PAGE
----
Uber and the ACCC will make a joint submission to the Federal Court after the ride-share company admitted to making “misleading or deceptive conduct and made false or misleading representations” on its app.
“(Uber) has agreed to make joint submissions with the ACCC to the Court for penalties totalling $26 million to be imposed.” The ACCC said.
Between December 2017 and September 2021, Uber displayed a cancellation message warning customers they may incur a small fee for cancelling a ride, even if the action was being taken during the app’s free cancellation period.
Most services on the Uber app have a five-minute cancellation period, but two million users in Australia were shown the message.
“Uber admits it misled Australian users for a number of years, and may have caused some of them to decide not to cancel their ride after receiving the cancellation warning, even though they were entitled to cancel free of charge under Uber’s own policy,” ACCC Chair Gina Cass-Gottlieb said.
Uber has since amended the message to “You won’t be charged a cancellation fee”, if the ride is cancelled within the free cancellation period.
The ACCC also said Uber admitted to falsely representing that the fare of a taxi booked through the ‘Uber Taxi’ option would likely be within an estimated fare range shown in the app.
The algorithm used for Uber Taxi fare estimates inflated the estimated range, and the actual fare was almost always lower than the range, consequently cheaper than Uber’s lowest estimate.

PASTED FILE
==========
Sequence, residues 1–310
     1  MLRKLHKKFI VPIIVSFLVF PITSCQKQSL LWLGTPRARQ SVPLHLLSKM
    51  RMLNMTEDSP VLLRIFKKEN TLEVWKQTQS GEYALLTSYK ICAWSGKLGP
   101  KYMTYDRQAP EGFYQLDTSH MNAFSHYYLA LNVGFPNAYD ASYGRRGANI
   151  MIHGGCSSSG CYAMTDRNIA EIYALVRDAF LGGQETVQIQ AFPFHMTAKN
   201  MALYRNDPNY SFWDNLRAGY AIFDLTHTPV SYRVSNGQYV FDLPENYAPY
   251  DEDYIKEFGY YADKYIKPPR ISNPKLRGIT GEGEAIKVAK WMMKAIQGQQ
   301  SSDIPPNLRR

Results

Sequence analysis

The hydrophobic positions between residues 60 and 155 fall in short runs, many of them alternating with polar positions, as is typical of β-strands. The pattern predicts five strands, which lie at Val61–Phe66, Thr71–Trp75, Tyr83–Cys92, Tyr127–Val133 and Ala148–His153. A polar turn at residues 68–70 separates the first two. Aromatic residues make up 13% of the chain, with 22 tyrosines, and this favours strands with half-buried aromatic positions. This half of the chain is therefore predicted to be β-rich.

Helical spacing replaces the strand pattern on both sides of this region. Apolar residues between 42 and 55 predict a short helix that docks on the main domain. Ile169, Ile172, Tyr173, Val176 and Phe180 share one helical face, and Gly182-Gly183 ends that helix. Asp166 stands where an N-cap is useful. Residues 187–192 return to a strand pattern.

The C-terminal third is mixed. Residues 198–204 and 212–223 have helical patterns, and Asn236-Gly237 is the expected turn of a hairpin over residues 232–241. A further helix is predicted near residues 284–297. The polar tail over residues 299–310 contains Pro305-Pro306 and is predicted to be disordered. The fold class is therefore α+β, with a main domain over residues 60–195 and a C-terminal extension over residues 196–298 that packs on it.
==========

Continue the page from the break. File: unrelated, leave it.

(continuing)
The misleading fare estimates were displayed between June 2018 and August 2020, before the Uber Taxi option, which was only available in Sydney, was removed.
“Uber admits its conduct misled users about the likely cost of the taxi option and that it did not monitor the algorithm used to generate these estimates to ensure it was accurate,” Ms Cass-Gottlieb said.
“Consumers rely on apps to provide accurate information, and the misleading information on Uber’s app deprived consumers of a chance to make an informed decision about whether or not to choose the Uber Taxi option.
“Digital platforms like Uber need to take adequate measures to monitor the accuracy of their algorithms and the accuracy of statements they make, which may affect what service consumers choose. This is particularly important as online businesses often carefully design their user interfaces to influence consumer behaviour,” Ms Cass-Gottlieb said.
Uber and the ACCC have sought orders from the Federal Court, including declarations that Uber contravened the Australian Consumer Law.
The Federal Court will decide whether the orders sought, including the $26 million penalty, are appropriate.